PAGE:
History battleship fleet Russia, construction, battles and the death of "Empress Maria" and the battleship "Novorossiysk".
Displacement: 25 000.
Dimensions: length - 179,1 m, width - 28 m, draft - 9,4 m.
Maximum travel speed: 21,5 nodes.
Navigation range: 4800 miles with 10 nodes.
Powerplant: 4 propellers, 30700 hp
Reservations: deck - 110 mm, towers - 240-280 mm, barbety - 220-240 mm, wheelhouse - 280 mm.
Armament: 13 305-mm guns in the towers, 18 120-mm, 19 76-mm guns, 3 submarine 450-mm torpedo tubes.
Crew: 1000 people.
27 June 1909 Italy adopted the Maritime Law, which provided for the construction of 4 dreadnoughts, 3 reconnaissance cruisers, 12 submarines, 12 destroyers and 34 destroyers. The law was approved by 2 December and at the same time sanctioned the construction of three battleships on the 1908 project of the year - the future “Giulio Cesare”, “Leonardo da Vinci” and “Conte di Cavour”. Funds for construction began to allocate from the next fiscal year. Order for the construction of two of them received private shipyards Ansaldo and Odero from Genoa, and the third was laid at the state-owned shipyard in Spice.
During construction, the Giulio Cesare was overloaded by 2000 t, which increased its draft by 0,9 m. This resulted in a decrease in the total travel speed compared to the design node on the 1; in addition, from 2,5 m of the height of the main armor belt, only 0,75 m is left above the waterline.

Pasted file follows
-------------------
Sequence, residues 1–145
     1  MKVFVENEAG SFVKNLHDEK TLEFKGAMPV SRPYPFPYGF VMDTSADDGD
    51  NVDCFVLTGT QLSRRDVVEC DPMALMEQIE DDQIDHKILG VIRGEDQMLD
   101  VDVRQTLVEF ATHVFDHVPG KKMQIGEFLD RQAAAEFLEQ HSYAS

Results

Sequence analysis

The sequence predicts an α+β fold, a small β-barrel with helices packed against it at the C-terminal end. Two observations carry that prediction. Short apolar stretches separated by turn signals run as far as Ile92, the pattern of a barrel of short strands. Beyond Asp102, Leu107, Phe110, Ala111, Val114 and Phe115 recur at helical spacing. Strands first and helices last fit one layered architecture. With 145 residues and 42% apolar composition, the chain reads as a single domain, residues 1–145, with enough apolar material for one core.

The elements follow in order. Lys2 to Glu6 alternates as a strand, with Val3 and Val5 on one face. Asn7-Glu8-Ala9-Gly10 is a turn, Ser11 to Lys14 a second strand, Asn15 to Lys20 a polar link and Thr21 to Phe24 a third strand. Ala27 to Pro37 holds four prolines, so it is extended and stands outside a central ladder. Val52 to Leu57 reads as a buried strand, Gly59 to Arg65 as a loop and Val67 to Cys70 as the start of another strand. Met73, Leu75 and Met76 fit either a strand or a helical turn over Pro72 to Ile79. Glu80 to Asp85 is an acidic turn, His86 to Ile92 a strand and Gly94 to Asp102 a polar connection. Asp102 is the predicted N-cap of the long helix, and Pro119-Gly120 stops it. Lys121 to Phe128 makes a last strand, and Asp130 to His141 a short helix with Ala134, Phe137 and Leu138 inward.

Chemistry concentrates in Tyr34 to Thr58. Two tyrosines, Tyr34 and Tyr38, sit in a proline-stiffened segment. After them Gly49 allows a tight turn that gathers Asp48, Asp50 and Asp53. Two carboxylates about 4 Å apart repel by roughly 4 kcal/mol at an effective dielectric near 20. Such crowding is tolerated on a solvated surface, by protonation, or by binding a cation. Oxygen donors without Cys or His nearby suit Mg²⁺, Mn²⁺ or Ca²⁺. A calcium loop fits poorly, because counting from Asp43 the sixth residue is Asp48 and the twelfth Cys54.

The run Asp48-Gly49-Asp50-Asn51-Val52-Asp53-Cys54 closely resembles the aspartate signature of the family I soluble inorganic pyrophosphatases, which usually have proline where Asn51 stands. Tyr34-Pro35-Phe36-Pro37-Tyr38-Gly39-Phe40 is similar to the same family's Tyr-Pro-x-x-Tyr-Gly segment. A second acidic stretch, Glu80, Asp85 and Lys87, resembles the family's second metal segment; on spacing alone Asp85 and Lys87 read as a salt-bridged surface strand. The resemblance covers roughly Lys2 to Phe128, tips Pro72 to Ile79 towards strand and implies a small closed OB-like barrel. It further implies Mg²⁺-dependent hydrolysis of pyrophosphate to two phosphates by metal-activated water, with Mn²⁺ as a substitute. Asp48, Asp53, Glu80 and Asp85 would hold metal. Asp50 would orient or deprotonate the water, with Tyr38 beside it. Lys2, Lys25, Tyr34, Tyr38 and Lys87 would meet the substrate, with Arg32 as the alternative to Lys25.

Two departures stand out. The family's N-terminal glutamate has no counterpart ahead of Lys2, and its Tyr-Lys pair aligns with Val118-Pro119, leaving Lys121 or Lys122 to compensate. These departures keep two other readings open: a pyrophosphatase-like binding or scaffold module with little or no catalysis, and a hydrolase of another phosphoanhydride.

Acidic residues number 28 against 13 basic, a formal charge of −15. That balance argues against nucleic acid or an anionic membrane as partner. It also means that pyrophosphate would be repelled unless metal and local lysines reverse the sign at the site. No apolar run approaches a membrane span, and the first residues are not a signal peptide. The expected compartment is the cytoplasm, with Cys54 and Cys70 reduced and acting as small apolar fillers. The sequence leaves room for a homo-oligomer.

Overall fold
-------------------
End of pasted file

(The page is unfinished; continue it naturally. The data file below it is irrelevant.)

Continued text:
The construction of “Cesare” was completed at the end of November 1913 of the year, and before the official commissioning, it passed various tests, being part of the Combat Squadron of Vice-Admiral Amero d'Aste Stella. When the World War began in August of 1914, all three Italian dreadnought were in the 1 Fighting Division of Rear Admiral C.Corsi. “Cesare” commanded by captain 1 rank Marzolo.
At the time of the announcement of the 24 war on May 1915, all the Cesare-type dreadnoughts were in the main base of Taranto, being part of the 1 division of battleships of Rear Admiral Corsi. Immediately after the declaration of war, Italy began the blockade of the Austrian coast. Dreadnoughts in Taranto were in three-hour readiness, spending evolution and shooting in the bay. Their main task was to fight with the dreadnoughts of the enemy. In no other case was they allowed to risk.
One of the few operations to which dreadnoughts were involved was the occupation of the Kurtzola base on Sabbionzela Peninsula (Italy). The 1 Division, which included all three battleships of the Cesare type, carried out a long-range cover for the invasion forces. 13.03.1916 of the year moved to Valona along with Regina Margherita battleships and destroyers, and then returned to Taranto.